Monopoly is a classic board game full of competitive spirit. It challenges a player’s resourcefulness at threat of falling bankrupt and any respectable Monopoly player should be aware of a few faux pas and strategies. First of all, Monopoly is not a game of chance and nobody likes a quitter.
Don’t resign your strategy to chance. Chance is a boring and uncontrollable, it is simply rolling the dice to inquire who to pay money to or collect from. Your monopoly strategies should include bargaining and alliance building to avoid influence of chance. If you do decide to avoid a strategy and hope for the best, don’t make your opponents feel like thieving capitalists for negotiating themselves to success.
Quitting – making bad decisions and running out of money isn’t a get-out-of-the-game-free card. Desperation sparks creativity so use those last few Monopoly dollars and strike a deal. Premature quitting or being a Sullen Sally robs the livelihood so remember to be a dignified Monopoly player. Nice guys may finish last, but the ones who throw temper tantrums don’t get invited to play again.
Clarify the Monopoly rules before starting because wishy-washy rule making as you go is far too Wallstreet 2008. Reviewing the rules is boring, but it is better received than constantly interrupting the game to haul out the rulebook. Let the die-hard Monopoly fan who knows the rulebook by hand shine by reciting it for you. Try to prevent discovering rules such as “houses can only be purchased before a player rolls” after the player has rolled.
Negotiating rules can be complicated since there isn’t a “government” to monitor transactions. Petty arguments about when and what types are bargaining are allowed are a waste of energy. The easiest rule to enforce is no rules, all bets are on. Initially some will be inclined to reject this approach in fear of their own bargaining skills, but it is simple to enforce and sparks creativity.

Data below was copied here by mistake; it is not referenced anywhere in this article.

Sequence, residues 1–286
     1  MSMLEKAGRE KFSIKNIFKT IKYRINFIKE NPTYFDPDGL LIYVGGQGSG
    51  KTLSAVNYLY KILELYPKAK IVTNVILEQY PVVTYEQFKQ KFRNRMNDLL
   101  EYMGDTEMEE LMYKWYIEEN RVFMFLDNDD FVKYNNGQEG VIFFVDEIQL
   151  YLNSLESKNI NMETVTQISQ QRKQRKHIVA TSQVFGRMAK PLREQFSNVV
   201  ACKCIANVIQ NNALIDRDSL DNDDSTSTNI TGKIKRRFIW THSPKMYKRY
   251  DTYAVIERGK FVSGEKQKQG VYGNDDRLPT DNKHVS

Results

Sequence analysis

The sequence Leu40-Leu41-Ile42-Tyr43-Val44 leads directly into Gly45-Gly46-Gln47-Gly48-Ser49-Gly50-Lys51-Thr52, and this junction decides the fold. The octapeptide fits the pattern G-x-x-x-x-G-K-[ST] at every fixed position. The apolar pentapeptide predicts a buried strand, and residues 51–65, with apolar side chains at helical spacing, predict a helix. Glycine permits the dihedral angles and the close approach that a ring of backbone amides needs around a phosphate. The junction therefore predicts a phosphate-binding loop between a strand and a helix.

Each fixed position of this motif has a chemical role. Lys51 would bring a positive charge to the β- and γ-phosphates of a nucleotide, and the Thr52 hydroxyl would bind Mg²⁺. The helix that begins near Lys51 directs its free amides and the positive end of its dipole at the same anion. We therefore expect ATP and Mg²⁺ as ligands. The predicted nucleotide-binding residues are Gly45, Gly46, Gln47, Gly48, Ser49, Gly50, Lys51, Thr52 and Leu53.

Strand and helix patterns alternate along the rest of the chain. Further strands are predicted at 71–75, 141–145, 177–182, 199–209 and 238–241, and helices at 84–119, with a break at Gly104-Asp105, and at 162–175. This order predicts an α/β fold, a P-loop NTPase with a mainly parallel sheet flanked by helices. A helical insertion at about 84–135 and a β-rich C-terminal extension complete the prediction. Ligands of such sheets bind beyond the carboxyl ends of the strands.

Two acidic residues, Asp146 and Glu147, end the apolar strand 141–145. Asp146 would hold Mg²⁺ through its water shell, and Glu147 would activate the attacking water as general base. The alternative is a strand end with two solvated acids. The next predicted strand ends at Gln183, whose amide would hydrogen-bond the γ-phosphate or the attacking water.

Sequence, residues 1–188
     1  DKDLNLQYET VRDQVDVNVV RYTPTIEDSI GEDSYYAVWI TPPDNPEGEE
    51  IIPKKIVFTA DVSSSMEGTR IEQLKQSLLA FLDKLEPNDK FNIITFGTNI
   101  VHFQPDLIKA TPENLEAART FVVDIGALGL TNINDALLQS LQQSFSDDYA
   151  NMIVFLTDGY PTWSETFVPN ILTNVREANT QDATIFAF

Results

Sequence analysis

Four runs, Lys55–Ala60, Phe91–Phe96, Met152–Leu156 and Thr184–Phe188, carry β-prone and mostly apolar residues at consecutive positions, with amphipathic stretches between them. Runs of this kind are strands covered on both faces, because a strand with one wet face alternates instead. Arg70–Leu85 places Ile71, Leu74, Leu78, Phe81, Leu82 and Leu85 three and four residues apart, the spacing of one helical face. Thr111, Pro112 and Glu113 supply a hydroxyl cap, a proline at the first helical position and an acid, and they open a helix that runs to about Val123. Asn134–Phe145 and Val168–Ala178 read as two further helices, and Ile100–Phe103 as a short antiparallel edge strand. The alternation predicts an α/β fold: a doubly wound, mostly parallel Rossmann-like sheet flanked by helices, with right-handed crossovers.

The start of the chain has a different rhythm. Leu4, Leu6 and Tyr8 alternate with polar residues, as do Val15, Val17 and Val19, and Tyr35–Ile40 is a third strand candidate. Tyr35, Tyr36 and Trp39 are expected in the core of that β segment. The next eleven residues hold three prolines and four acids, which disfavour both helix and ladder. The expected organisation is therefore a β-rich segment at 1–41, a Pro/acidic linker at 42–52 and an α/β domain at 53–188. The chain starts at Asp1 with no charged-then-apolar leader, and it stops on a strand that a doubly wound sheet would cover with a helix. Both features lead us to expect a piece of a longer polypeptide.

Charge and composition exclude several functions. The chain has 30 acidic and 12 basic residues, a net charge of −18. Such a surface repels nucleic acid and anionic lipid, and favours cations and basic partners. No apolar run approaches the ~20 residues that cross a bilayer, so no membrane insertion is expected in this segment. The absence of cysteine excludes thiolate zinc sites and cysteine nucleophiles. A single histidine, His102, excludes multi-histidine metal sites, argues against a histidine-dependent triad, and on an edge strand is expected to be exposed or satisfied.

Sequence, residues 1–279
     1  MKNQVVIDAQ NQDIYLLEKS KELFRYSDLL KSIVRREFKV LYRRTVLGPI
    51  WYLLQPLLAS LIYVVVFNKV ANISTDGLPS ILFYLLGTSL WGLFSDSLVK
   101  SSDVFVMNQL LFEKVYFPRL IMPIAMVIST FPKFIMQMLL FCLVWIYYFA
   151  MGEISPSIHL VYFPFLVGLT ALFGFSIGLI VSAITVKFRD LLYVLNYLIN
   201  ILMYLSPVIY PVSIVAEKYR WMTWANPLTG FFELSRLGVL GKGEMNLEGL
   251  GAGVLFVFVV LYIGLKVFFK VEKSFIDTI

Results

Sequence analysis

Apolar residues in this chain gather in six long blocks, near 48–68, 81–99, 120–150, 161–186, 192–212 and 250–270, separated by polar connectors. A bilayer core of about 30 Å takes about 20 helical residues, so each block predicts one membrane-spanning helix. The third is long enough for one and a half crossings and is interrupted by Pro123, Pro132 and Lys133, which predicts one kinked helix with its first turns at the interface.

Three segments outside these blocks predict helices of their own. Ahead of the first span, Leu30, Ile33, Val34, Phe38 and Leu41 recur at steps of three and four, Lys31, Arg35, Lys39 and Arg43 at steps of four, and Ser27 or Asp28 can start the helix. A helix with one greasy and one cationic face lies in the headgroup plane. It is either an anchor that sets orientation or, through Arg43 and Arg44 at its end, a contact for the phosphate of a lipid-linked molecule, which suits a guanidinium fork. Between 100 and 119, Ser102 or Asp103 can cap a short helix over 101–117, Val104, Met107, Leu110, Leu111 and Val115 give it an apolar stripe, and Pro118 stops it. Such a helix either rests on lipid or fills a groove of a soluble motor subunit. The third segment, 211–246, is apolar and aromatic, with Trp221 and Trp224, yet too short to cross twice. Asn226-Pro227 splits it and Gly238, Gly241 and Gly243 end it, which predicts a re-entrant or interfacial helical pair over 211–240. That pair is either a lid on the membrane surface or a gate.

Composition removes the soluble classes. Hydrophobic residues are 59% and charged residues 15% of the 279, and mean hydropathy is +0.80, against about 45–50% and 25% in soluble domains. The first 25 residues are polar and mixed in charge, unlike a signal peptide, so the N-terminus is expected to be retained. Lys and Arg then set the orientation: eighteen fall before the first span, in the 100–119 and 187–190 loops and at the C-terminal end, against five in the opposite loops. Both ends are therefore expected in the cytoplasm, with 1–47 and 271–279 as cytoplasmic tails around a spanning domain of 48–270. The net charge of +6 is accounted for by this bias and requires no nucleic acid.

Since being a good sport is never as much fun as talking smack, here are some tips to dominate the Monopoly board:
1) Holding cash won’t do you any favors
Buying properties enables you to collect rent whereas holding cash allows you to pay rent. Holding cash has comfort, but it is a defensive strategy instead of offensive.
2) Buy Every Property You Land On
Refusing opportunities to buy properties saves cash, but purchasing mismatching properties creates leverage. When another player collects 2/3 properties in a set, owning the 3rd property is very powerful. Position yourself so that other players approach you with offers, it pays better than playing landlord and collecting rent.
3) Hotels are King
Rent is insignificant before introducing hotels. Be the first player on the board with a hotel, if you can’t afford it, borrow money. If you can’t borrow money, go play Sudoku.
4) Ignore the Boardwalk
Entering the real estate market, you can purchase a small condo, or you can hold out for a luxury penthouse you may never be able to afford. Inexpensive Monopoly properties are easier to acquire a set of 3 for because your opponents are more willing to trade inferior properties. Owning an inexpensive set of 3 properties also leaves you with more money to purchase hotels, and hotels are king. Putting a hotel on “Connecticut” has a $950 rent which is enough to bankrupt most players.
5) Railroad Rules
Railroads tend to hold more prestige then they’re worth. There are potentially 4 players battling to obtain the railroad set and ownership of all 4 railroads collects only $200 when landed on (compared to $950 hotel landing on Connecticut). Your effort is best spent encouraging railroad owners to independently hold onto their properties which will minimize the rent you pay when you land on them. When railroad owners hold only one property, they collect just $25.
Monopoly isn’t just a fun way to spend time with friends and family, it is a life lesson in strategic thinking. It reinforces lessons of leveraging oneself through negotiations instead of submitting to a victim of chance. Monopoly was created in 1934 and continues to be timeless. You may as well improve your Monopoly skills because if the financial crisis has taught us anything it’s that society values an opportunity to play with strategy, chance and money.
Published: The Cavalier April 2010